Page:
Helsinki plans border fence – The end of the Finnish-Russian thaw – News

Finland is planning a border fence on certain sections of the Finnish-Russian border. The country wants to control its border with Russia more strictly. For SRF employee Bruno Kaufmann, the border also has a symbolic value in addition to physical security: the thaw between Russia and Finland after the end of the Cold War is finally over.

Bruno Kaufman

Northern Europe staff

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Bruno Kaufmann has been reporting regularly for SRF on Northern Europe, from Greenland to Lithuania, since 1990. He also works as a global democracy correspondent for the international service of the SRG,

SRF News: What is the government in Helsinki hoping for from this planned border fence?

Bruno Kaufmann: She is hoping for a clear signal both internally and externally. They want to show Russia that they are serious about turning away from the Ukraine war. They want to send a signal to NATO, which Finland would like to join: We know how to protect our external borders. In Finland itself, the aim is to show that Moscow’s aggressive neighborhood policy towards Helsinki has major consequences.

The border between Finland and Russia is over 1300 kilometers long. It is the longest border of an EU country with Russia. A fence is only to be built on a fifth of this distance – 240 kilometers. What’s the point?

At first glance, this may seem somewhat inconsistent. But 99 percent of the Finnish-Russian border lies in deep forests with no road access. Crossing the border there is practically impossible. However, there are a few places where roads and sometimes also railways lead to the border. In this environment you want to secure the border. One wants to avoid that there are still border posts in open fields that stand next to each other without physical security.

Like Sweden, Finland wants to become a member of the western military alliance NATO. What signal is Finland sending with the planned fence for this membership?

Finland is sending a very clear signal to NATO and the West in general that it feels like it belongs and wants to make a contribution. The neutrality that has characterized Finnish foreign policy since World War II has been abandoned. Finnish President Sauli Niinistö only said on Wednesday that confidence in Moscow’s leadership had been gone since the invasion of Ukraine.

There are tens of thousands of families who are at home on both the Russian and Finnish sides. How they will continue in this almost new Cold War is an open question – and a great tragedy of the last few months.

This also reflects what Finland signaled when it joined the EU almost thirty years ago. At that time it was said that it was less about economic policy and more about security policy. One wants to stand on the western side of the dividing line.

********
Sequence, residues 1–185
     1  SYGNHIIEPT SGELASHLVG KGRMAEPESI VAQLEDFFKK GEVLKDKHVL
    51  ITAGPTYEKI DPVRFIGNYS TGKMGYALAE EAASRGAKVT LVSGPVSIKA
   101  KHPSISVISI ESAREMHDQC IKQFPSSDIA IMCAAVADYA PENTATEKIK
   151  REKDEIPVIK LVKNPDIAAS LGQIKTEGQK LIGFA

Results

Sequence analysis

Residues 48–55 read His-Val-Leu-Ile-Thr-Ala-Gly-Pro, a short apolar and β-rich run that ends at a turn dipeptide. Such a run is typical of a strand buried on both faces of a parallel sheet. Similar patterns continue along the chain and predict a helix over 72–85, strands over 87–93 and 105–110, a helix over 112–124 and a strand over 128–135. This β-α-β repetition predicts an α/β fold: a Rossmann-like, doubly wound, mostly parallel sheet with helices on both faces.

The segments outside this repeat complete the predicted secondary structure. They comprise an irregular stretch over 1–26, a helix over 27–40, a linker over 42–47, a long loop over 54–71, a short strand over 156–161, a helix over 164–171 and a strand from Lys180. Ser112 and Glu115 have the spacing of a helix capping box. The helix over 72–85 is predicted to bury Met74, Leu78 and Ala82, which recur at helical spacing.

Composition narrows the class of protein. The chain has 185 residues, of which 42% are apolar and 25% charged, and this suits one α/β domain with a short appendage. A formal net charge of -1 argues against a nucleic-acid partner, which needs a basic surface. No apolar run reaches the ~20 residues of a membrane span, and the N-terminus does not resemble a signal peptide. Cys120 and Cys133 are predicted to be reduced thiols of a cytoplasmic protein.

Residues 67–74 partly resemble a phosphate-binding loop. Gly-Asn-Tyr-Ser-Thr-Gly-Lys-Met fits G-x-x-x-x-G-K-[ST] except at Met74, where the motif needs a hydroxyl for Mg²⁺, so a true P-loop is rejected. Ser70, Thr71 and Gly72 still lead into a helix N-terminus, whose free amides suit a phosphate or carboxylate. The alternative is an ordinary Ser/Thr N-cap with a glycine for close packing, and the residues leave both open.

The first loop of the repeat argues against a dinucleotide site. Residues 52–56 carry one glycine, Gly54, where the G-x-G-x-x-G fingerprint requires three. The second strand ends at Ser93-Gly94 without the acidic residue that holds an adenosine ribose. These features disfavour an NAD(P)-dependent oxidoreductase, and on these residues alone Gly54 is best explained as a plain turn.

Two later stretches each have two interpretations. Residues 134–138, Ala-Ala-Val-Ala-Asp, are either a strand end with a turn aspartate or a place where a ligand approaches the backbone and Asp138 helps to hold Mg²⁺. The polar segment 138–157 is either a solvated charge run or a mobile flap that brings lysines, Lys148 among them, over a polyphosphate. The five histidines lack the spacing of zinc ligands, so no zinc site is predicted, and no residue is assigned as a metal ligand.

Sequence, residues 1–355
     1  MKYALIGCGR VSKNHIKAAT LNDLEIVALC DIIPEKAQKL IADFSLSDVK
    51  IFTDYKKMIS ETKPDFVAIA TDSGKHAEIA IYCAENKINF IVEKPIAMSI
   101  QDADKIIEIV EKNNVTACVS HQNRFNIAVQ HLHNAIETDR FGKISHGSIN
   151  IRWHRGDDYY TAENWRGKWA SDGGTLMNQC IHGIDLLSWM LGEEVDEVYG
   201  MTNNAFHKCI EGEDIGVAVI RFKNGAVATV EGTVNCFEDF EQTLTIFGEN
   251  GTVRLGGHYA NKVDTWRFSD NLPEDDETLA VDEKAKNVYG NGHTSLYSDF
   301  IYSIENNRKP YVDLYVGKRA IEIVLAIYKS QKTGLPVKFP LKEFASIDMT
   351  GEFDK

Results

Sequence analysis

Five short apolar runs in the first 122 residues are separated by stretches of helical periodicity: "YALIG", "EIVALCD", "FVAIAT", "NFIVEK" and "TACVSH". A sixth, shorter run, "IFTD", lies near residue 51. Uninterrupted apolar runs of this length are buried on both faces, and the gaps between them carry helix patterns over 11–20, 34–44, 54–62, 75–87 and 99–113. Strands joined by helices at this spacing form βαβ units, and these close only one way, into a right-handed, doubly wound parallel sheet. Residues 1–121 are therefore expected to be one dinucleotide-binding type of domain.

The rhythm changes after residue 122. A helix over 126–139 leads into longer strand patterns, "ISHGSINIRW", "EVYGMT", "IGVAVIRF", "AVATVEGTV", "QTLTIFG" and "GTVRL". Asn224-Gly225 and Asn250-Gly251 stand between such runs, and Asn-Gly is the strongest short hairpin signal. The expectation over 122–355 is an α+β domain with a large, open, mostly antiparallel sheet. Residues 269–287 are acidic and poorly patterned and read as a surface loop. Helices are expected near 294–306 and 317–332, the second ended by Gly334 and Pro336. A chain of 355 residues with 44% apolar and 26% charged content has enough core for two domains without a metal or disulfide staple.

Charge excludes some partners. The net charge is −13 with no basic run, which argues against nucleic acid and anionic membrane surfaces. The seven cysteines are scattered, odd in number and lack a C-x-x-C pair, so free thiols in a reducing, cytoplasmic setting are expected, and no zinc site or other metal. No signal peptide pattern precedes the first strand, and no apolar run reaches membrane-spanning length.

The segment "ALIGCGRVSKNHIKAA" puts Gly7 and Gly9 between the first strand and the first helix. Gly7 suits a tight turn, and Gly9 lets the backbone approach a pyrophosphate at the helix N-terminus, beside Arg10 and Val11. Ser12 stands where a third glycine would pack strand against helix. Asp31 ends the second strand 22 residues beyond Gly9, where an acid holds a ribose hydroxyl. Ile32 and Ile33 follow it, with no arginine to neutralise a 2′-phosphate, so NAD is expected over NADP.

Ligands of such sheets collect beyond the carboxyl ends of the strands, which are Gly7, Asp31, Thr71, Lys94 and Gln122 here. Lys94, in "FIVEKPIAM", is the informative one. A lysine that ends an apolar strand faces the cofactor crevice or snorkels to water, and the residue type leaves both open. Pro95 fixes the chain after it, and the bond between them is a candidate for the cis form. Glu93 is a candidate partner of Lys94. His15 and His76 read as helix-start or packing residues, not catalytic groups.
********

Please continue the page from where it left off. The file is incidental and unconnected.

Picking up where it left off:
Fear of hybrid warfare involving migrants

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Migrants at the Polish-Belarusian border in November 2021.

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People fleeing Russia are likely to be critical of the Kremlin’s policy of aggression. According to the Finnish government, the border fence is not initially aimed at making it more difficult for people who are afraid and want to flee Russia undetected.

Finland has already closely monitored the external border with Russia. Prime Minister Sanna Marin’s government emphasizes that the right to asylum should be upheld. “That doesn’t suit all parties in the Finnish parliament either,” explains SRF employee Bruno Kaufmann. “The right-wing populist ‘True Finns’ demanded that the borders be closed and the right to asylum abolished.”

Helsinki also fears hybrid warfare. “For example, that a foreign regime carts refugees to the border and puts pressure on them. Russia has already experienced that twice.” Reference is also made to the events between Belarus and Poland last year, when suddenly thousands of refugees from Iraq were standing at the border.

The border between Finland and Russia is to be controlled much more strictly. What does this mean for families living on both sides of the border?

In the last thirty years there has been a certain thaw, normality has returned to relations between Finland and Russia. The fast train could take you from Helsinki to St. Petersburg in a few hours. Many Russians had summer cottages in Finland, and in eastern Finland Russian became the second official language, so to speak. All of that is over now.

But there are tens of thousands of families who are at home on both the Russian and Finnish sides. How they will continue in this almost new Cold War is an open question – and a great tragedy of the last few months.

The interview was conducted by Claudia Weber.

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